"As all caregivers know, at four o'clock, children must be fed something."--Laurie Colwin
With triplet boys, Suzanne T. knows this all too well, and around 4:00—at least on the days that I've been in her house—she is putting out little somethings to eat. Cheese and crackers, chips and hummus, veggies and dip. Of course I've done this myself, who can't do this? But did you ever notice that the hors d'oeuvres always look greener in someone else's kitchen? Why do most of us possess a slightly nagging suspicion that as well as we do it, somewhere there's someone doing it cooler?
Oh screw it. Anyway, where was I? Right, the 4:00 nosh, and out of the oven Suzanne pulls a crock of amazingness: hot artichoke dip. We fell on it with pita chips and groans. I offered a taste to Panda which she accepted with a wrinkled nose. Next thing I knew she was elbowing Jeeps out of the way to get her chip into the heart of the crock. Move over ranch dressing, there's a new kid in town.
So tonight Redman was at a friend's and got the playdate extended to dinner, and Panda asked if I'd make the dip. Why certainly, my dear. Let's have a little cocktail hour of our own.
By the way, did I ever introduce my little Corning Glass saucepan? I have two of them. Did I tell you this story? No? Well once upon a time, I used to waitress at Ponderosa. I'll pause while you process that. Yeah, it sucked, but there were small glimmers in the misery. One was this guy David who was a salesman for Corning.
David would come into the Ponderosa every Wednesday or something, and he'd always sit in my section. He was an older guy, greying with a mustache, and just very nice to me. He possessed that keen trick some men have of taking an ordinary, restaurant-issue paper napkin and folding it into a rose. And he'd leave that along with the tip every Wednesday.
Time passed and soon I was moving on to bigger and better things, and on my last Wednesday, David left more than a tip and a paper rose: he gave me two little Corning Glass saucepans. We said goodbye and never crossed paths again.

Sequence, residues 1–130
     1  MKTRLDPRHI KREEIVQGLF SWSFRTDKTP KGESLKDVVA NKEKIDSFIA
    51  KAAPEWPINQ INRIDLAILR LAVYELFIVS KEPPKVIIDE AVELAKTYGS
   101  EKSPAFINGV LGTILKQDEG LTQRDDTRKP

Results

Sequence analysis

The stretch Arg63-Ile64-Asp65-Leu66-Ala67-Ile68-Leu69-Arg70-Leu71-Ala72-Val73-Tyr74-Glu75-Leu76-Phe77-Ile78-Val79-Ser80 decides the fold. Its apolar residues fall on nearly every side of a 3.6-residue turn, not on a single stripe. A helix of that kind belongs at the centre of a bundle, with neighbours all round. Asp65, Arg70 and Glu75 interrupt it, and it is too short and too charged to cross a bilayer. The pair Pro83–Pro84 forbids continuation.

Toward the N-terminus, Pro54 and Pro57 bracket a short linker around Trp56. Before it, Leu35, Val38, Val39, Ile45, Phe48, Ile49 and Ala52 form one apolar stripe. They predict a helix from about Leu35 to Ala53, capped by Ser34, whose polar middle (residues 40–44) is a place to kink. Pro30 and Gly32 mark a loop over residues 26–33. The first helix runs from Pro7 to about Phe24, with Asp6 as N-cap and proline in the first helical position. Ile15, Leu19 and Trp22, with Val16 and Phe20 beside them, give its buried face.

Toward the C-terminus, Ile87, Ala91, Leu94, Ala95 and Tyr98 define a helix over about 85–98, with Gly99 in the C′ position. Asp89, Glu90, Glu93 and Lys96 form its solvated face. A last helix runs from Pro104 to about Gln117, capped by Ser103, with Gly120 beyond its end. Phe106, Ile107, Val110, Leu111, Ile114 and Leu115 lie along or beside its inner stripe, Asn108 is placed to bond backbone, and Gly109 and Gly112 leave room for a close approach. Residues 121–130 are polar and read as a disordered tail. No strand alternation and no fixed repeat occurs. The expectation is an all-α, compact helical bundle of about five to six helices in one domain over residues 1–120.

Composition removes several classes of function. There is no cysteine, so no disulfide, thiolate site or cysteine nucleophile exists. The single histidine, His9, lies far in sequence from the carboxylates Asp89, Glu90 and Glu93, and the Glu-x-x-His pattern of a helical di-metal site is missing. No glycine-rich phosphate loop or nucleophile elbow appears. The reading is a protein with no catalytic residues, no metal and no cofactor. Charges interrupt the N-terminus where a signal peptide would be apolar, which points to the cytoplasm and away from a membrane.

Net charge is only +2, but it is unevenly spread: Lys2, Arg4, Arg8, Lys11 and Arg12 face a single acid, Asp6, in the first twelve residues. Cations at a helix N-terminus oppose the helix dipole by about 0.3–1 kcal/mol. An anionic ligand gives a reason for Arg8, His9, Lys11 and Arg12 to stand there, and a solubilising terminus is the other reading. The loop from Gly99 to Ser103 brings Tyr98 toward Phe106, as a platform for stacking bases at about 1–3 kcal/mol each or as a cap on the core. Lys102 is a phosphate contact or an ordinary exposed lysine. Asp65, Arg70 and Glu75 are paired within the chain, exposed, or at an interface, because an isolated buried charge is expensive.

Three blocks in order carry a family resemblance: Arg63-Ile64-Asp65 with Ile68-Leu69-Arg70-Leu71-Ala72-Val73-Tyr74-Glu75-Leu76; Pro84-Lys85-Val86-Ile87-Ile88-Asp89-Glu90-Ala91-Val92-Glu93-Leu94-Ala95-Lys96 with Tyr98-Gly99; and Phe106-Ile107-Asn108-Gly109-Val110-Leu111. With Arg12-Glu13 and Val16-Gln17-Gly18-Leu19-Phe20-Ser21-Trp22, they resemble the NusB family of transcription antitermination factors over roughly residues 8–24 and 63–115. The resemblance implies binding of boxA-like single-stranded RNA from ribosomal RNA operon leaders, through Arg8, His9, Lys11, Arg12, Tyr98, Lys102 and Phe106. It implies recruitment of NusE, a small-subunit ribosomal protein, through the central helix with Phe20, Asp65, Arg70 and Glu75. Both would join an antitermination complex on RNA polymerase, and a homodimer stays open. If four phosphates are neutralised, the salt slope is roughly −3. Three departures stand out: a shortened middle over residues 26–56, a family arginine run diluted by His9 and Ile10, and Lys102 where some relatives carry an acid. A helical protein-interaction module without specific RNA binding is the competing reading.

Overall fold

Or we might have.
A few summers ago, when Panda was quite young, we were down at the Jersey Shore and out to dinner at the Italian restaurant on the corner. All through dinner, there was this silver-haired gentleman with a mustache, sitting with his wife and grown children at a table across the room, and he kept glancing sideways at Panda and smiling.
When he got up to leave with his family, he came by our table and held out to Panda a paper napkin, folded into a rose. "I just love your red hair," he said gallantly, winked at me and left. It was like a full five minutes later when my head snapped up and I thought, Oh my God, was that David?
Highly unlikely, but it makes a nice story to have over the 4:00 hors d'oeuvres.
Suzanne's Highly Unlikely Artichoke Dip
- 1 can artichoke hearts, chopped
- 1/2 onion, diced
- 2 cloves garlic, minced
- 1 cup mayo
- 1 cup parmesan cheese
- Pinch of horseradish (optional, I didn't have any, neither did Suzanne when she made it this last time)
Preheat oven to 350
Mix all ingredients in a bowl and pour into a small oven-proof pot, crock or casserole
Bake 25-30 minutes.
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